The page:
Steven Lee gets excited when someone asks him about Ultimate Frisbee – maybe even a little too eager.
“I get so excited that I have bladder spasms and muscle cramps,” said Lee, president of the Hong Kong Ultimate Players’ Association (HKUPA). “When someone asks me that question, it means I’ve got a chance to share the special game of Ultimate with someone who has never been exposed to it.”
So what exactly is Ultimate?
“It’s a demanding, fast-paced game that provides a great workout,” said HKUPA member Tom Nunan. “I do a lot of sports, but Ultimate was the one that really hooked me because I got the workout of my life.”
Ultimate is played on a 70-by-40-yard field. The objective is to advance the disc to the other team’s end-zone, using a series of passes upfield to teammates.
Players use four basic throws to achieve this. The two most common ones are called “forehand” and “backhand”, thrown face-up. The two most used face-down throws are the “scoober” (to gain short yardage) and “hammer” (which resembles more of a typical football throw).
Once the receiver catches the Frisbee, he has to stop and has 10 seconds to look for any of six teammates on the field. One defender is allowed to “mark”, or guard, the player in possession of the Frisbee.
“One of the easiest ways to play good defence is to start with a good marker,” Nunan said. “It’s the responsibility of the marker to block off a section of the fielder so the defenders have a better chance of closing down the offensive players who they’re marking. When a mark is broken, it often results in a quick downfield game for the opposition.”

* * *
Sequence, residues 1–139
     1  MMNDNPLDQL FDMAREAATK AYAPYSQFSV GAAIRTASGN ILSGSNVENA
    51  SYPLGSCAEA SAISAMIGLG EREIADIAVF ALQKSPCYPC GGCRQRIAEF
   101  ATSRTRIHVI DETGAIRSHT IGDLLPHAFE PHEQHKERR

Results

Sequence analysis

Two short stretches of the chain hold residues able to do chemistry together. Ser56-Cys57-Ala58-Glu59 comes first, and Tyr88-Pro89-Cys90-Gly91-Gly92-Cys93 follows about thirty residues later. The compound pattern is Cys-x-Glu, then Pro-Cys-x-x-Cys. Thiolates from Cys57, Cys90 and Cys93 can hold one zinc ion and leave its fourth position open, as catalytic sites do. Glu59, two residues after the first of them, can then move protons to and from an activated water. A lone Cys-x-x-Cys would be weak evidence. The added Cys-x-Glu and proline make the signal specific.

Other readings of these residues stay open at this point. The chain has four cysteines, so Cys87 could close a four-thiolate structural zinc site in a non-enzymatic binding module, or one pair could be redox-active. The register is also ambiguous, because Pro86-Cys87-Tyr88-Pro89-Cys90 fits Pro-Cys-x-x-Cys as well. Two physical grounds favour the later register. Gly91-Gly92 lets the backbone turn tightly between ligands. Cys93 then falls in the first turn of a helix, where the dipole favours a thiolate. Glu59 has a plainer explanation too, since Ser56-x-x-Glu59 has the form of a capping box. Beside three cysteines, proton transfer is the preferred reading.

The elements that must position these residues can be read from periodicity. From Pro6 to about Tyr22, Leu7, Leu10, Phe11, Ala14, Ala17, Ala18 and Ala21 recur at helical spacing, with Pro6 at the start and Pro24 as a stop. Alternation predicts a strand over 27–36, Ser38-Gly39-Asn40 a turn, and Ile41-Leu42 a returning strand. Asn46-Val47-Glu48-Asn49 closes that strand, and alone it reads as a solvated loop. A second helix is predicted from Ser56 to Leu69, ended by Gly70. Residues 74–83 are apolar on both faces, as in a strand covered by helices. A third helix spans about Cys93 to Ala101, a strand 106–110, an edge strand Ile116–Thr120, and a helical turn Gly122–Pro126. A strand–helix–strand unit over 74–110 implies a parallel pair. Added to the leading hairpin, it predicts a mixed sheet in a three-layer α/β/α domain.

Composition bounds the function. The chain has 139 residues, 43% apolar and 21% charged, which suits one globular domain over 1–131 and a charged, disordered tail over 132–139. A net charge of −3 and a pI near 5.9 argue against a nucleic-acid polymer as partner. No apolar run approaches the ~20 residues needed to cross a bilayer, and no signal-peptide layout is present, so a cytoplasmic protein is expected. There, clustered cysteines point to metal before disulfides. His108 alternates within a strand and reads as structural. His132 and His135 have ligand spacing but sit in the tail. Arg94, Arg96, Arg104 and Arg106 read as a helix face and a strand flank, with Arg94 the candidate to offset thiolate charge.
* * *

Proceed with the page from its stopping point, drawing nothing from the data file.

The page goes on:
If there is a drop, offence becomes defence and the game continues until there is a score. Generally, games are played to 11, 13 or 15 points. After a score, players line up on opposite sides of the field, like rugby, and the other team “pull” (kick off).
While Ultimate is a non-contact sport, the game requires players to be in great physical condition because they are constantly on the move.
“A good Ultimate player is a balance of endurance and speed,” Nunan said. “You have to be agile. The top players tend to be in pretty phenomenal shape.”
Players, when explaining the game, draw parallels between rugby, football and netball, but Ultimate has many of its own characteristics.
“Ultimate is quite unique,” Nunan said. “It does combine elements in other sports, but it is a unique game.”
And quirky traditions have added to its mystique. One tradition that has lasted through the years is the nicknames given to players. Although Nunan didn’t want to reveal his nickname, he stressed the importance of having one.
“Nicknames are good for calling offensive plays,” he said. “You can identify people without the opposition knowing.”
Nicknames are usually given to players based on their personalities, but other factors also play a role. Ultimate players share a common code called the “Spirit of the Game”, which means self-officiating. There are no referees.
“Basically it’s good sportsmanship,” Lee said. “It means playing as hard as you can to win, but never at the expense of cheating or trying to bend the rules. You call things as you see them, irrespective of whether a call would give you an advantage or a disadvantage.”
Hong Kong team Junk compete in tournaments across Asia. They were in Bali, Indonesia, over the weekend for such an event.
The HKUPA also organises games twice a week in Hong Kong and is thinking about adding a third day to work on skills and techniques.
The association is always on the lookout for new members.
“Just today we were thinking about business cards and brochures,” Nunan said. “We’re quite open to people who are enthusiastic and who want to come out and have a good time.”
This article was originally published in the April 12, 2004 edition of the South China Morning Post.